‘Red Rhapsody’ provides producers with a profitable subtropical cultivar with high yields of large, firm, attractive, well-flavored fruit from late autumn through early spring. ‘Red Rhapsody’ now comprises 49% of the total subtropical plantings in Southeast Queensland (R. Broadley, 2019, personal communication). ‘Red Rhapsody’ is worthy of trial in winter producing areas, especially where high early yield and darker color, consumer-acceptable, bruise-resistant berries are desired.

Availability

‘Red Rhapsody’ has been officially registered by DAF and Hort Innovation Australia Limited with Australian Plant Breeders Rights (application no. 2013/312). Internationally, requests for plants and licenses for ‘Red Rhapsody’ can be made through Business Manager, Horticulture and Forestry Science Group, Department of Agriculture and Fisheries, GPO Box 267, Brisbane, QLD 4001 Australia, www.daf.qld.gov.au or e-mail callweb@daf.qld.gov.au directing to the Business Manager Horticulture and Forestry Sciences or the strawberry breeding team.

Literature Cited

  • ButlerD.CullisB.GilmourA.GogelB.2009ASReml-R: Reference manual. Release 3. Queensland Department of Primary Industries and Fisheries Toowoomba Queensland

  • ChandlerC.K.LegardD.E.DuniganD.D.CrockerT.E.SimsC.A.2000‘Strawberry Festival’ strawberryHortScience3513661367

  • ChandlerC.K.SantosB.M.PeresN.A.JouquandC.PlottoA.SimsC.A.2009‘Florida Radiance’ strawberryHortScience4417691770

  • CoxD.R.1972Regression models and life-tables. J. R. Stat. Soc. Series B (Methodological) 34(2):187–220. 19 Feb. 2019. <http://www.stat.cmu.edu/∼ryantibs/journalclub/cox_1972.pdf>; <http://links.jstor.org/sici?sici=0035-9246%281972%2934%3A2%3C187%3ARMAL%3E2.0.CO%3B2-6>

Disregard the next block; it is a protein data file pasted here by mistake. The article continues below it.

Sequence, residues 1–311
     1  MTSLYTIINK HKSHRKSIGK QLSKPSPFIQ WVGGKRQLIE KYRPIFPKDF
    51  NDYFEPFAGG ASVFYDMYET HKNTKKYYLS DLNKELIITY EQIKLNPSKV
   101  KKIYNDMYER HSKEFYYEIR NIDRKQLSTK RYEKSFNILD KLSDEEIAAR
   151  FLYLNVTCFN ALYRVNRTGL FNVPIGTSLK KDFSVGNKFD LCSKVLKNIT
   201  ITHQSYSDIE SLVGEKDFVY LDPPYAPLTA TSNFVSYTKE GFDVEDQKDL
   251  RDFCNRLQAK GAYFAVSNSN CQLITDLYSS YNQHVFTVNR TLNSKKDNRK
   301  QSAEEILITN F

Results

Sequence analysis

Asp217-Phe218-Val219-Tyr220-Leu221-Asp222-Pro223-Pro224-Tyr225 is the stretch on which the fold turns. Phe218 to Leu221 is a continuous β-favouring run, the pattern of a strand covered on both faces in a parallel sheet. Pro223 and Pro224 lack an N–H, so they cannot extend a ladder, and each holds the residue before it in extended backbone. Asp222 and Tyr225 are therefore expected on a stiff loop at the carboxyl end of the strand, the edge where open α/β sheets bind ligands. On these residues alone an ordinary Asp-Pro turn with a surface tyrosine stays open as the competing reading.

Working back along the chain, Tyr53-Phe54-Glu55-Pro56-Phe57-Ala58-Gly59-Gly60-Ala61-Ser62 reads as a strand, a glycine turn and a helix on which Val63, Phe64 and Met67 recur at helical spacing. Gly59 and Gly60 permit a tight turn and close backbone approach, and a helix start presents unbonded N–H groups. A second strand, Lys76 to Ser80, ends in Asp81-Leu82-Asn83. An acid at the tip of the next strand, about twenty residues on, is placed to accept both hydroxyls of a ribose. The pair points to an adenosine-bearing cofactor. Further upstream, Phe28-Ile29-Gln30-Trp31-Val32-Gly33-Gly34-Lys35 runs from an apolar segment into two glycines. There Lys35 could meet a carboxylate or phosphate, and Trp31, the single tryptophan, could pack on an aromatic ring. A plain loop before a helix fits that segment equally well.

• DuerdenM.2014What are hazard ratios (2014 update). Technical report Oct. 2014 Researchgate. 19 Feb. 2019. <https://www.researchgate.net/publication/275829511_What_are_hazard_ratios_2014_Update>

  • GenStat2008GenStat. 11th ed. Lawes Agricultural Trust Rothamsted UK

  • GilmourA.GogelB.CullisB.ThompsonR.2006ASReml user guide release 2.0. VSN International Hemel Hempstead UK

  • GomezA.O.De FaveriJ.NealJ.AitkenE.A.B.HerringtonM.E.2019Response of strawberry cultivars inoculated with Macrophomina phaseolina in AustraliaIntl. J. Fruit Sci(In press)

    • Search Google Scholar
    • Export Citation
  • HerringtonM.E.HardnerC.WegenerM.WoolcockL.DietersM.J.2014Estimating an aggregate economic genotype to facilitate breeding and selection of strawberry genotypes in Southeast QueenslandJ. Amer. Soc. Hort. Sci.139316411643

    • Search Google Scholar
    • Export Citation
  • HerringtonM. E.PriceS.2010‘Suncoast Delight’Plant Var. J.233100

  • HerringtonM.WegenerM.HardnerC.WoolcockL.DietersM.2012Influence of plant traits on production costs and profitability of strawberry in southeast QueenslandAgr. Syst.1062332

    • Search Google Scholar
    • Export Citation
  • NealJ.KoH.-L.GomezA.De FaveriJ.HerringtonM.2018Screening for resistance to Colletotrichum gloeosporioides p. 25–33. In: Hort Innovation (eds.). Final report National Strawberry Varietal Improvement Program Hort Innovation Project BS12021. Hort Innovation Sydney Australia

  • NealJ.M.KoH.L.GomezA.O.De FaveriJ.VerbylaA.MayerR.HerringtonM.E.2017Testing strawberry genotypes for resistance to Colletotrichum gloeosporioides in QueenslandActa Hort.1156743750

    • Search Google Scholar
    • Export Citation
  • PaynterM.De FaveriJ.NealJ.HerringtonM.2018Screening for Fusarium wilt resistance p. 46–53. In: Hort Innovation (eds.). Final report National Strawberry Varietal Improvement Program Hort Innovation Project BS12021. Hort Innovation Sydney Australia

  • Royal Horticultural Society1995Royal Horticultural Society colour chart. Royal Horticultural Society London UK

  • SoutheyB.R.Rodriguez-ZasS.L.LeymasterK.A.2003Discrete time survival analysis of lamb mortality in a terminal sire composite populationJ. Anim. Sci.8113991405

    • Search Google Scholar